It runs the cron daemon, with additional arguments “&&” and “gulp”. When the cron daemon exits, the container will exit.
Probably I would try to restructure this to use the host’s cron to “docker exec” the script. If I was feeling more ambitious, I’d break the script out into its own container, use a shared data volume to ensure it could access the same data.
@cadesalaberry You don’t need to run crond, just cron -f (-f for “foreground”, I’m assuming). The Docker daemon handles the daemonization of that process, just like if you ran a web server in a container (you can see it in subsequent invocations of docker ps after running it).
Running crond, as you said, immediately forks the process into the background and causes the container to exit (at the time of writing, PID1 does not wait on its child processes inside of Docker containers).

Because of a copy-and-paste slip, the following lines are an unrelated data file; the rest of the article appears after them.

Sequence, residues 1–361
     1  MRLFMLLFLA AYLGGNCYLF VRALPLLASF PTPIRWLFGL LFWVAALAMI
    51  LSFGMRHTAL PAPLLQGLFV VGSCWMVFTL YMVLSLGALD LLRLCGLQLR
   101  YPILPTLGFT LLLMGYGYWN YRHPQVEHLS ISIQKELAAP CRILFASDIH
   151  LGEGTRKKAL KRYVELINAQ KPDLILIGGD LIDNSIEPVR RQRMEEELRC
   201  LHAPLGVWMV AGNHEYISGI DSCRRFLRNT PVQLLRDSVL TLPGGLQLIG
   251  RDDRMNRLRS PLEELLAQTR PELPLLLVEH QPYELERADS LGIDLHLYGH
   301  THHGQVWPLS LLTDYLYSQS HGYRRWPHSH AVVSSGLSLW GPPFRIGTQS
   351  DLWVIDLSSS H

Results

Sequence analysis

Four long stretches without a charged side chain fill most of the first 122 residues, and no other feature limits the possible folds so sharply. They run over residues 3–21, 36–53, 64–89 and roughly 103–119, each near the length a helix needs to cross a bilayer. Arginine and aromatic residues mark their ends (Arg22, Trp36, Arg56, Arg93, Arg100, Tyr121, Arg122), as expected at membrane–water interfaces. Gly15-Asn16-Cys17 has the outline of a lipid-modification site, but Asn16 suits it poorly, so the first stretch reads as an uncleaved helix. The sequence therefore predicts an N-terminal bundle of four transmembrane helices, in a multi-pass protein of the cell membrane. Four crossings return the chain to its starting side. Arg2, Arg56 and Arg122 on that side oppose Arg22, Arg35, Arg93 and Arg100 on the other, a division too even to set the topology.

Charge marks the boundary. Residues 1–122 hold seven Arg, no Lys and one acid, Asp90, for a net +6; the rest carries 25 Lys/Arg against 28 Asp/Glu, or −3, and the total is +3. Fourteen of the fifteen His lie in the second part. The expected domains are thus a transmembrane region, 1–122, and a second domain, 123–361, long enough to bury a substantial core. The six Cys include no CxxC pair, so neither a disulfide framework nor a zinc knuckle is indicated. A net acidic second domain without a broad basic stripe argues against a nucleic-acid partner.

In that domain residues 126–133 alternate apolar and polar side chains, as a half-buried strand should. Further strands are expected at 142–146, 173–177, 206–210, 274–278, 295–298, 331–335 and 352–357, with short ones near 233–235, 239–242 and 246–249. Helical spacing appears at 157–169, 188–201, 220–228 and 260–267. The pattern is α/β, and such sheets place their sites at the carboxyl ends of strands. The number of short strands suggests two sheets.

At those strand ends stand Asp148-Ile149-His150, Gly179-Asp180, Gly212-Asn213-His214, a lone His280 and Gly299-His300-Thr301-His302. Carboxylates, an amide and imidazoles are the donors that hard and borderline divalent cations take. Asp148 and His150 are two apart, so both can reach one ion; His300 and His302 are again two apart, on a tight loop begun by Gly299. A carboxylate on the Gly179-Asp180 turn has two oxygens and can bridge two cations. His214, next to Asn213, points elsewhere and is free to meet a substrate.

Alternatively, you could do something like cron && tail -f /var/log/my.log to ensure that docker logs will return the output of what’s been written to the log file while the container is running.
The general solution to running more than one process is to run a shell.
CMD ['sh', '-c', 'crond && gulp']
… or put your stuff in a separate script file and chmod +x it:
and run it with CMD ['/yourscript'] (the path needs to be correct of course; this assumes you saved the script as /yourscript and properly set permissions, perhaps in the environment where you build the container in the first place before you COPY in the file).
# Copy script which should be run
COPY ./myawesomescript /usr/local/bin/myawesomescript
# Run the cron every minute
RUN echo '* * * * * /usr/local/bin/myawesomescript' > /etc/crontabs/root
CMD ['crond', '-l 2', '-f']
An alternative to running con jobs (if you only care about the interval between the runs) could be a restart policy:
# Run every day